root.beginning = this.value.slice(0, 2)
root.end = this.value.slice(4)
# In: {"value":["foo","bar","baz","buz","bev"]}
# Out: {"beginning":["foo","bar"],"end":["bev"]}

A negative low index can be used, indicating an offset from the end of the sequence. If the low index is greater than the length of the sequence then an empty result is returned.

root.last_chunk = this.value.slice(-2)
root.the_rest = this.value.slice(0, -2)
# In: {"value":["foo","bar","baz","buz","bev"]}
# Out: {"last_chunk":["buz","bev"],"the_rest":["foo","bar","baz"]}

sum#

Sum the numerical values of an array.

root.sum = this.foo.sum()
# In: {"foo":[3,8,4]}
# Out: {"sum":15}

unique#

Attempts to remove duplicate values from an array. The array may contain a combination of different value types, but numbers and strings are checked separately ("5" is a different element to 5).

root.uniques = this.foo.unique()
# In: {"foo":["a","b","a","c"]}
# Out: {"uniques":["a","b","c"]}

values#

Returns the values of an object as an array. The order of the resulting array will be random.

root.foo_vals = this.foo.values().sort()
# In: {"foo":{"bar":1,"baz":2}}
# Out: {"foo_vals":[1,2]}

without#

Returns an object where one or more field path arguments are removed. Each path specifies a specific field to be deleted from the input object, allowing for nested fields.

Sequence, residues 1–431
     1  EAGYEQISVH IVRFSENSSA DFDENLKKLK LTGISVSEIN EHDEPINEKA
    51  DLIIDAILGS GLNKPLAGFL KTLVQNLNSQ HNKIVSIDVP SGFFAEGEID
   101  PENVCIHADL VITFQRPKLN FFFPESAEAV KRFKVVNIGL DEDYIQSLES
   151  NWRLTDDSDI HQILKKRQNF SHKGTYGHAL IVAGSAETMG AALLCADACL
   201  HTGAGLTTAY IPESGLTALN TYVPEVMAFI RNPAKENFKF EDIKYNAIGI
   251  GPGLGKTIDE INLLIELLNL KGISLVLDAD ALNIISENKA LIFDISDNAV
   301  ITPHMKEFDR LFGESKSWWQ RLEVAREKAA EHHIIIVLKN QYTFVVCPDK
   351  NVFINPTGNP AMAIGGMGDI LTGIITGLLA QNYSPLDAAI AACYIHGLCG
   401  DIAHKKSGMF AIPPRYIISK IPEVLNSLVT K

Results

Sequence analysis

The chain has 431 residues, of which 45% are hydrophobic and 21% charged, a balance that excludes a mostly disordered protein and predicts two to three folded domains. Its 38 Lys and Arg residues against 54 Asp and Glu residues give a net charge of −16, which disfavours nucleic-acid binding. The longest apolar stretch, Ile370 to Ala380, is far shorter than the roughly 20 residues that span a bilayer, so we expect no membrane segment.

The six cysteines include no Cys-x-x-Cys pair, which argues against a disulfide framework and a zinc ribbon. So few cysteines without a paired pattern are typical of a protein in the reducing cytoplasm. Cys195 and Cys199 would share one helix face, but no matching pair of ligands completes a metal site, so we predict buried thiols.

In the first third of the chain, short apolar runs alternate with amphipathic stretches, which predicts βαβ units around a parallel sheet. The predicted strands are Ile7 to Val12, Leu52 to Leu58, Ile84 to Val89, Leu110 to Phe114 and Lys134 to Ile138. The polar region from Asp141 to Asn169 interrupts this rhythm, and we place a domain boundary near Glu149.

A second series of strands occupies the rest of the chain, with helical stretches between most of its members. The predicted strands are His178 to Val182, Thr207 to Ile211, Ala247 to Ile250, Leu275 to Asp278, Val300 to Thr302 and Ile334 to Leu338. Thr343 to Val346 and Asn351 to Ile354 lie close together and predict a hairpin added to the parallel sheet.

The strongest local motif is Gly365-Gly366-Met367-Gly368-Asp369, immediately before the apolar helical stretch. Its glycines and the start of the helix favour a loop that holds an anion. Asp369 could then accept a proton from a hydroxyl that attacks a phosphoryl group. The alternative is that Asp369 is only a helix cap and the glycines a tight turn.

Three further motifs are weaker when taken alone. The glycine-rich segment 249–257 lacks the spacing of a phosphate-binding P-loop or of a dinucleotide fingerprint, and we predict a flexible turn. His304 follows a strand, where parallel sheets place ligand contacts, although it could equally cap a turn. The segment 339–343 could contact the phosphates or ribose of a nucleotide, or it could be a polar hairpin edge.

If a key within a nested path does not exist or is not an object then it is not removed.

root = this.without("inner.a","inner.c","d")
# In: {"inner":{"a":"first","b":"second","c":"third"},"d":"fourth","e":"fifth"}
# Out: {"e":"fifth","inner":{"b":"second"}}

Parsing#

parse_csv#

Attempts to parse a string into an array of objects by following the CSV format described in RFC 4180. The first line is assumed to be a header row, which determines the keys of values in each object.

root.orders = this.orders.parse_csv()
# In: {"orders":"foo,bar\nfoo 1,bar 1\nfoo 2,bar 2"}
# Out: {"orders":[{"bar":"bar 1","foo":"foo 1"},{"bar":"bar 2","foo":"foo 2"}]}

parse_json#

Attempts to parse a string as a JSON document and returns the result.

root.doc = this.doc.parse_json()
# In: {"doc":"{\"foo\":\"bar\"}"}
# Out: {"doc":{"foo":"bar"}}

parse_xml#

BETA: This method is mostly stable but breaking changes could still be made outside of major version releases if a fundamental problem with it is found.

Attempts to parse a string as an XML document and returns a structured result, where elements appear as keys of an object according to the following rules:

  • If an element contains attributes they are parsed by prefixing a hyphen, -, to the attribute label.
  • If the element is a simple element and has attributes, the element value is given the key #text.
  • XML comments, directives, and process instructions are ignored.
  • When elements are repeated the resulting JSON value is an array.
root.doc = this.doc.parse_xml()
# In: {"doc":"<root><title>This is a title</title><content>This is some content</content></root>"}
# Out: {"doc":{"root":{"content":"This is some content","title":"This is a title"}}}

Encoding and Encryption#

encode#